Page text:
When Rose Hill sophomore Daniel Stroie began the college application process, the last thing he expected was that he and his parents would begin their academic careers in tandem—and at the same school, no less.
His mother, Margo Stroie, a full-time accountant, thought Fordham would be the perfect fit for Daniel, who is now in his second year at the Gabelli School of Business. Daniel, however, remained uncertain despite his mother’s persistence. He had applied to many colleges and received several acceptance letters, but found that none of the schools jumped out at him. He narrowed his choices down to New York University and Fordham, to which he had been accepted through Fordham’s early action program.
“My parents actually scheduled school visits and attended the open houses at Fordham without me,” he said. “I didn’t want to go simply because my mother wanted me to go.”
But his curiosity led him to revisit the Rose Hill campus just before the decision deadline. He was reluctant to admit it, but he soon realized his mother’s instincts were right.
“After exploring the campus and speaking to current students, I finally decided this was the school for me,” Daniel said. Although he had originally applied for the liberal arts college at Rose Hill, he transferred to the Gabelli School of Business.
His mother, of course, was elated, and to this day “continues to remind him that she was right.”
Margo’s enthusiasm for Fordham also inspired her husband to start thinking about graduate school. Having immigrated to the United States from Romania, Adrian Stroie, a principal at a New York real estate development company, had always wanted to study law.
“It is difficult to attend law school in Romania, as there are few schools,” said Adrian. “Competition is tough, and you have to prepare for many years in advance.”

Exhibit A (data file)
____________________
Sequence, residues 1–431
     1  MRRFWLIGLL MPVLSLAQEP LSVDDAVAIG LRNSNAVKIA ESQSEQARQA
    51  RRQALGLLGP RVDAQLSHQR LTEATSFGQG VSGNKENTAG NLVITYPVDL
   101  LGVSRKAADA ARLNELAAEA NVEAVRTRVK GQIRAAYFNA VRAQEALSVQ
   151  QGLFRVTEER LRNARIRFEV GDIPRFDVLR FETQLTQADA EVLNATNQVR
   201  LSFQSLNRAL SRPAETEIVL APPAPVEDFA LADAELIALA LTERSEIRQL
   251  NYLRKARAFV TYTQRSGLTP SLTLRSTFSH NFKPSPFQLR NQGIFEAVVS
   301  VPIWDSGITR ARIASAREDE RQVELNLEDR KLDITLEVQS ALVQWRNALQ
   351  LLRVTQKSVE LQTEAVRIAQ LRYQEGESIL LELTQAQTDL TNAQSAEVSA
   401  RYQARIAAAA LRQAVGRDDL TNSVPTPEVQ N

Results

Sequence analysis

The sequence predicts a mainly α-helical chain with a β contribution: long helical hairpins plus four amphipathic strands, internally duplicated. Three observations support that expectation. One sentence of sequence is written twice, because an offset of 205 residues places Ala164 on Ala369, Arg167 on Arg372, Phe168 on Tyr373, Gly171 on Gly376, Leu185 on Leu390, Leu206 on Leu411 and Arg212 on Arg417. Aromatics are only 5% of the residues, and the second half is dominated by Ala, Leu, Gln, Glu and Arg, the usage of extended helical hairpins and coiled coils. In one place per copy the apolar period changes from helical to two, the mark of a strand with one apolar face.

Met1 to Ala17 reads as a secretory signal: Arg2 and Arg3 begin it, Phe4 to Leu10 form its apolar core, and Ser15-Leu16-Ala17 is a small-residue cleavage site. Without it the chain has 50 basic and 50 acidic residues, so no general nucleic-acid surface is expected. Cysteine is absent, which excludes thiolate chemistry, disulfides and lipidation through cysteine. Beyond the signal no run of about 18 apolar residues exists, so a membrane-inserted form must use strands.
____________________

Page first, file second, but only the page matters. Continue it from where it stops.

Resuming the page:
Adrian found it inspiring to help his son search among schools and apply to them. “I thought maybe I should give it a try as well,” he said.
Soon Daniel and his father were applying to schools at the same time and preparing for their respective standardized tests—Daniel for the SAT, his father for the LSAT.
“While I was working on my college essays, my dad was too. It was great to have someone else in the house going through the same daunting application process,” Daniel said.
Adrian was swayed to apply at Fordham because of Margo’s enthusiasm for the University. In fact, so was she—once Adrian had been accepted at Fordham Law, Margo herself applied to Fordham’s Graduate School of Business.
She dropped the news during a family vacation to Poland, where her family is from. Daniel was flabbergasted: “The first thing I did was shake my head,” he said, noting that he reacted as “typical teenager.”
“But then I came around,” he said. “Now I like the fact that we are a Fordham family.”
It certainly eased the transition to college, he said—“It’s difficult to feel homesick with family so close by.”
“Whenever we are all at home, I’m not the only one who gets to ask how classes are going,” he said.
As for Margo, she studies accounting and attends classes a few nights per week–and, revealed Daniel, is doing very well. She says she follows after her mother, who is still taking classes herself at age 65.
“It must run in the family,” she said.
— Angie Chen, FCRH ’12